All the transparency and legal issues aside, I think that this might be a good development if well defined and uniformly enforced. Writing reviews is a fun way to get into blogging and I would hate for things to get so formal that the casual reviewers get their hands slapped.

heading
35
Responses

 

Comments

  1. John Kolbert (2 comments.) says:

    While I agree with the principal I do not agree with the method. I don’t think that the government meddling with how someone blogs is an appropriate use of legislative authority or taxpayer dollars. Aren’t there a lot more important things for them to discuss? Seriously.

  2. Nathan Rice (18 comments.) says:

    Government regulating the internet — because they do such a wonderful job with all the other stuff they meddle with.

    If true, this is a sad day for us all.

  3. Loui Zoot (2 comments.) says:

    You have ads on your website, do you think the government should have say over that too? The government almost never knows what’s best for the individual. There are too many laws already, we don’t need any new ones.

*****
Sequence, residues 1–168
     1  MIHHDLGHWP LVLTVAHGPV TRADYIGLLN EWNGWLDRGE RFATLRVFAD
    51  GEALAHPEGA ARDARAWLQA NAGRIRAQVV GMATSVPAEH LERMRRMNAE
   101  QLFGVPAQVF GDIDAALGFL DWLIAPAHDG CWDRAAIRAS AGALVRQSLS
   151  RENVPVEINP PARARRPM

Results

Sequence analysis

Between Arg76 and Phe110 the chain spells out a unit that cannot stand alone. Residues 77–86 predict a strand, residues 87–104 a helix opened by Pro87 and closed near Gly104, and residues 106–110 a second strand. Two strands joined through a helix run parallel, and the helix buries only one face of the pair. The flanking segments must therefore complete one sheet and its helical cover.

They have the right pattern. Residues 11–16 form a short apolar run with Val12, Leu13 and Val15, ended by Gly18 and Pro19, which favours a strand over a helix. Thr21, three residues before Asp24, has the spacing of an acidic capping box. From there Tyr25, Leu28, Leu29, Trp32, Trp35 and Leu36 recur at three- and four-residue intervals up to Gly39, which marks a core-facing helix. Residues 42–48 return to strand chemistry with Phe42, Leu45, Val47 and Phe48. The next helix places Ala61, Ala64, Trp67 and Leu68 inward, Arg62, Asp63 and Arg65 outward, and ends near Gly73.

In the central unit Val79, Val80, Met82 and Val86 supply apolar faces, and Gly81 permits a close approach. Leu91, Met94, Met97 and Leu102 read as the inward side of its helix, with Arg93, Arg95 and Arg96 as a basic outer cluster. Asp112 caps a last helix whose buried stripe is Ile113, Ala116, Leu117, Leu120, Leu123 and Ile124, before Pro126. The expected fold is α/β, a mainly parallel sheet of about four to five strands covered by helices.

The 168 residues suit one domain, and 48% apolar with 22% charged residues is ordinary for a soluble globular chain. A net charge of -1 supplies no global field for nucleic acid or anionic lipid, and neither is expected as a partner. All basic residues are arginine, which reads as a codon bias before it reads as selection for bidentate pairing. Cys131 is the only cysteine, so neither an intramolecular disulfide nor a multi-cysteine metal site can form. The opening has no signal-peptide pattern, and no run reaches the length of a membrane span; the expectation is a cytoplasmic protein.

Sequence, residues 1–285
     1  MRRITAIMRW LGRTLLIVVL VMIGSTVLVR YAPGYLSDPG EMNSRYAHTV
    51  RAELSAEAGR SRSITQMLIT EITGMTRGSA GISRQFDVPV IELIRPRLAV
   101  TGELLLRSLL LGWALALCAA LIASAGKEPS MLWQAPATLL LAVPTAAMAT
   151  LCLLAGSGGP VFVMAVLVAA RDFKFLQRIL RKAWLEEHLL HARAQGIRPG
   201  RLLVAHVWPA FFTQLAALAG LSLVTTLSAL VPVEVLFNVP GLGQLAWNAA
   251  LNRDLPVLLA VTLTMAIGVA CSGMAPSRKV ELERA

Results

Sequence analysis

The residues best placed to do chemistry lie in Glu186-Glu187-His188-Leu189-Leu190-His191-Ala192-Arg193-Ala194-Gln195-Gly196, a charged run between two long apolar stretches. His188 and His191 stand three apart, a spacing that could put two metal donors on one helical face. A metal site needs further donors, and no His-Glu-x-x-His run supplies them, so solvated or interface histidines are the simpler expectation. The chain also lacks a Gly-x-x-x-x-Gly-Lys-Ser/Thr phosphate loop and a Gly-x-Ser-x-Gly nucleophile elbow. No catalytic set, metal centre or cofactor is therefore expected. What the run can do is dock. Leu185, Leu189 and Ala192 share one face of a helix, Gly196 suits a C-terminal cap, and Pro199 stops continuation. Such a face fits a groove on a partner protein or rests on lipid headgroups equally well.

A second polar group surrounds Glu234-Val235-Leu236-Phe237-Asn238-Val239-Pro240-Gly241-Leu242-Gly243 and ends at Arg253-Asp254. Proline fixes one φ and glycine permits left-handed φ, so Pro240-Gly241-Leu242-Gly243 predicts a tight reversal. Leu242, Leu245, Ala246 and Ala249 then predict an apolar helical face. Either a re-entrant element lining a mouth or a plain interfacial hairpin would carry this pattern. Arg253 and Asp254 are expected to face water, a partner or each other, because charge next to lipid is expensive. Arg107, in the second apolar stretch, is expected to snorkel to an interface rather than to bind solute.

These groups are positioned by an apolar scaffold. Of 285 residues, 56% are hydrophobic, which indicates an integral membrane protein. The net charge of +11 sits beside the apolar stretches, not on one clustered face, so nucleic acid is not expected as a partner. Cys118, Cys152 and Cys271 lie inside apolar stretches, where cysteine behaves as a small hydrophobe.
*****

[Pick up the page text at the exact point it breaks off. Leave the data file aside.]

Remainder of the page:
They should spend their time reviewing the ones already written and seeing what they can do to make those work correctly. It should never be the governments job to protect consumers from themselves, and that’s what the new law would amount to.

    You should always research a product before buying it, rather than taking the sole recommendation of someone else, no matter who they are. Consumers have the power to protect themselves, and I believe they should learn to exercise the ability.

    I’m not at all for bogus reviews, but that is not what our government should wasting their already overgrown power on.

    It’s funny how as an American citizen I am guaranteed the pursuit of happiness, yet my government does it’s damnedest to outlaw all forms of happiness.

    That’s my opinionated rant on that, good day.

    Louis Martin (aka Loui Zoot)

  4. Alex (8 comments.) says:

    While I agree with full disclosure – I don’t agree government has any business getting into regulating it.